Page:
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Mapping Otis sbobet


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He expected the sand to be whiter, the girls more tan, the boats in the harbor to be a little more broken down. The image he’d conjured when he hopped the puddle-jumper out of a South Florida regional airport was one out of the movies. The women would all have impossible legs. A bartender with an accent would sit under a tiki hut and serve warm beer in sweating bottles while he listened to the lamentations of the expatritots. The lives the future sbobet alcoholics had led would be the lives that led them to the little island and the bartender would listen to it all.
But that’s not what sat at the shore. The sand was white, but not that white. The bartender had an accent, but she was the only one with impossible legs and she didn’t feel like talking after a long day of standing behind the bar.
I’m a wanderlusting Otis. There hasn’t been a point in my life when I didn’t want to just disappear for a while and tell no one where I was going. When I was a kid, I’d conjure up knapsack trips into the nearby woods. In college, I’d imagine a long cross-country drive that ended in New Orleans or Las Vegas, two cities where I knew I could blend into the melange, just another lost soul. But, I always told myself, I would be the soul that had actually found itself.
These days, adult times to be sure, the dreams rear their little head every once in a while. And, of course, they take me to strange places. Sometimes it’s some non-touristy beach in the Caribbean. Sometimes it’s somewhere in the American Northwest. It’s always somewhere where nobody knows me.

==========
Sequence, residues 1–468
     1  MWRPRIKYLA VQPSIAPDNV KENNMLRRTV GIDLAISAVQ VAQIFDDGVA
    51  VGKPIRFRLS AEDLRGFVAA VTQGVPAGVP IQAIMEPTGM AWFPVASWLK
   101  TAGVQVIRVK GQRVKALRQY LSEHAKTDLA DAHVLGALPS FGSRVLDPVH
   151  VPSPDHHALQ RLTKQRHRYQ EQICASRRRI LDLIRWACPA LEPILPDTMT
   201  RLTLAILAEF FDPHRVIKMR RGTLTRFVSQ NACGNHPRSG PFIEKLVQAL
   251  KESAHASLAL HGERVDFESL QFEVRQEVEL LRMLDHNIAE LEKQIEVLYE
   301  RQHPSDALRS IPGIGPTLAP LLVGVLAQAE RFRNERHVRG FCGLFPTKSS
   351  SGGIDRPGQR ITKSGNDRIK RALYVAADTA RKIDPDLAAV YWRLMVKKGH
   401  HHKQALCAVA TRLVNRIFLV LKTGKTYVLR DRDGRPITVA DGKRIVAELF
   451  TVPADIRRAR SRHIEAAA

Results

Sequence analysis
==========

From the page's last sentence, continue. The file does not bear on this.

Many people in my life have misunderstood this little revelry as a lack of satisfaction or love for my real life. Nothing could be further from the truth. There have been very few times in my life where I haven’t been satisfied with my life. Even now, in what can only be described as the best of times, I still fantasize about running away from time to time.
It’s a romantic and mysterious notion to be sure, and one I almost surely will never act on. A man has responsibilities and he would surely miss everything, even if he were only gone for a while. That’s why those romantic and mysterious notions are fantasies. Fantasies are fun. I mean, I surely won’t end up in bed with a couple of women at once, but that shouldn’t stop me from thinking about it every once in a while (or maybe it should, now that I think about it).
At the bar, he eventually convinced the bartendress to talk to him. The tourists had long since gone to their hotel rooms to put aloe on their sunburns. The sunset had been as pretty as you might expect. The beer was colder than his romantic notions had allowed, but that was probably better. The island beer tasted a little skunky unless it was exceptionally cold, and thankfully, that’s how Lisa kept it.